(important for large retail distribution deals!), you must keep all in-game text and error messages in
resource ﬁles. Also, think about how the game will perform best, running off of CD-ROM or hard
drive, what kind of music will be used (Redbook, tracked digital, compressed WAVs, etc.), and how
this will affect game performance with the different installation options.
Rarely does a game get released that doesn't need any sort of update, so take into consideration how
to patch the program with these different install options in mind. If the game runs from CD-ROM, it
should be able to look to a user-speciﬁed path on the hard drive for updates. Make use of Windows'
registry for storing such details (this prevents clutter in the hard drive's root directory). In addition to
accepting patches, your game should readily accept add-on or expansion packs. In this hit-driven
market, only the top games can make money from add-ons. But those games can make a lot more
money with expansion packs and add-ons. A user-fﬁendly level/map/game editor is also nice to keep
users interested because then they can create and share levels. Again, this requires that the game sell
well in the ﬁrst place, but if that's the case, an editor can greatly add to a game's longevity. Even if
only a few of these possibilities come true, planning for them will make things much easier and less
painful in the long run.
Last, but not least, in following with the shareware model, it's also recommended to plan a shareware
version which is a small but self-contained portion of the game. This is often done by breaking your
game up into parts or episodes. Epic's most successful games have been trilogies, in which the ﬁrst
episode of the game was distributed freely as shareware. Due to the size of games now, we tend not to
release a whole third of a game, but do encourage releasing enough of the game to give the potential
customer a good feel for what the game is like (20-25 percent of the game's content). An important
factor in making shareware successful is to give the user a feeling of accomplishment when he
completes the shareware version. Whether or not the game is split into episodes, it is important for
the shareware version to end at a crucial part of the story in the game, where the player is rewarded
for his victory, but must "buy the rest of the game to continue the mission." Simply throwing together
a number of levels in a meaningless fashion does not create a good shareware release and is no better
than retail "demos" which only give a taste of the game, often without full functionality. Shareware is
rewarding, gives difeel for the entire game, and sells the game (only good games sell in shareware).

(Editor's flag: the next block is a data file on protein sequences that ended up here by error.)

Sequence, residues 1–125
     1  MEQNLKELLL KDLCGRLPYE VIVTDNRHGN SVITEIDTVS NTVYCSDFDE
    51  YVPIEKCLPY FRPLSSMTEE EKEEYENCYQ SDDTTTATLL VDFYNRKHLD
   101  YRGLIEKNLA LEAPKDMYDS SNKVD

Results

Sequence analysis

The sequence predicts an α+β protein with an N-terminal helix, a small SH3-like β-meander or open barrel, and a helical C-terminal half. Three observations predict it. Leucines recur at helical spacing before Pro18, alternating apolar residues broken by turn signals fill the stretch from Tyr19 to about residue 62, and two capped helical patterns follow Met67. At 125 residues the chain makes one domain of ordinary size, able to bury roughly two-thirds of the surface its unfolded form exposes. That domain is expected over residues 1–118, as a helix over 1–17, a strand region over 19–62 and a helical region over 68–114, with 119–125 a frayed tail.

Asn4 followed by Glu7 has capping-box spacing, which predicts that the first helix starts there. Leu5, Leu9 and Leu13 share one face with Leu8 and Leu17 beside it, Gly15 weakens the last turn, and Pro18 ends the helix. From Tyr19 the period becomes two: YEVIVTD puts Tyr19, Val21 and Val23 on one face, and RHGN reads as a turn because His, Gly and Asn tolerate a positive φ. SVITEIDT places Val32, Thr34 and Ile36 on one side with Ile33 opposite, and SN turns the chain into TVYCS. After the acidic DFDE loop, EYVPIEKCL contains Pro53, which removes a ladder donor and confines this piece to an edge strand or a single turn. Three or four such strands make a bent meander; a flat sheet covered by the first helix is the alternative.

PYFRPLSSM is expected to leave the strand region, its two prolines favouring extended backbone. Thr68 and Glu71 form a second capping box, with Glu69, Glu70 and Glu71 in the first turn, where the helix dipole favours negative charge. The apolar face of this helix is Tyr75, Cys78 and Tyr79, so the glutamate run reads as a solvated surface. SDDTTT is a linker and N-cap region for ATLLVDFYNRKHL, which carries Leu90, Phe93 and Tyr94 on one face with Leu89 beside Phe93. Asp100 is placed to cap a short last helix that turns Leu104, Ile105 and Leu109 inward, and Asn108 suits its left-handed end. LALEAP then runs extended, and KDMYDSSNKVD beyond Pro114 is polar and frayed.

20 Epic MegaGames Author Info Pack
Appendix E; Listing of Epic Products
ZZT (1991) PC DOS
Super ZZT (1992) PC DOS
Jill of the Jungle (1992) PC DOS
Castle of the Winds (1992) PC WIN3.X
Kiloblaster (1992) PC DOS
Revenge of ZZT (1992) PC DOS
Drum Blaster (1992) PC DOS
Overkill (1992) PC DOS
Adventure Math (1992) PC DOS
Brix (1992) PC DOS
Ancients (1993) PC DOS
Ken's Labyrinth (1993) PC DOS
Solar Winds (1993) PC DOS
Dare to Dream (1993) PC WIN3.X
Zone 66 (1993) PC DOS
Epic Pinball Packs 1&2 (1993) PC DOS
Xargon (1994) PC DOS
Epic Puzzle Pack: (1994) PC DOS
E l e c t r o m a n
R o b b o
Epic Pinball Pack 3 (1994) PC DOS
Jazz Jackrabbit (1994) PC DOS
One Must Fall 2097 (1994) PC DOS
Tyrian (1995) PC DOS
Radix: Beyond the Void (1995) PC DOS
Extreme Pinball (1995) PC DOS
Fire Fight (1996) PC WIN95
Jason Storm (re-released 1994/discontinued) PC DOS
Trafﬁc Department 2192 (1994) PC DOS
LineWars II (1994) PC DOS
Highway Hunter (1994) PC DOS
Seek and Destroy (1996) PC DOS
Epic MegaGames Author Info Pack 21
Appendix F; Awards, Reviews and Kudos
Epic Pinbail (1993-1994) PC DOS
Best Entertainment Software 1994 (Shareware Industry Award)
1994 Computer Gaming World Shareware Awards, winner of Best Arcade Game
Jazz Jackrabbit (1994) PC DOS
PC Format Best Action Game 1994
PC Gamer 87%
One Must Fall 2097 (1994) PC DOS
PC Format Best Action Game 1994 runner up
Computer Game Review 89%
PC Gamer 84%
Home PC (UK) 85%
Clicked.com Top 20 Shareware 1996
TVrian (1995) PC DOS
PC Gamer 87%
1996 Computer Gaming World Shareware Awards, nominated Best Arcade Game
Clicked.com Top 20 Shareware 1996
Radix: Beyond the Void (1995) PC DOS
1996 Computer Gaming World Shareware Awards, nominated Best Action Game
Clicked.com Top 20 Shareware 1996
Extreme Pinbail (1995) PC DOS
1996 Computer Gaming World Shareware Awards, nominated Best Arcade Game
Clicked.com Top 20 Shareware 1996
Seek and Destroy (1996) PC DOS
Computer Games 4/5 stars
Fire Fight (1996) PC W1N95
Winner of PC Gamer Best Arcade Game of 1996
Adrenaline Vault Best Arcade Game of 1996
PC Gamer Editor's Choice (90%)
Computer Player Recommended (9/10)
Strategy Plus Stamp of Approval
Intelligent Gamer R+
PC Games R+
22 Epic MegaGames Author Into Pack
Contacting Epic MegaGames
3204 Tower Oaks Blvd., Suite 410
Rockville, MD 20852
Customer Service: (800) 972-7434; +1 (301) 468-6012 (internationally)
Technical Support: -h1 (301) 983-9771
-hi (301) 299-3841
Orders/Customer Service: email@example.com
Technical Support: firstname.lastname@example.org
O n l i n e F o r u m s
Compuserve: GO EPIC
America Online: keyword "PCGAMES"
Author Info Pack Credits
Prepared by: Doug Gibson, Vincent Cavin
Additional content provided by: Tim Sweeney, Mark Rein, Nick Stadler, Alexander Brandon
Editing and layout: Mike Forge
Epic MegaGames Author Info Pack 23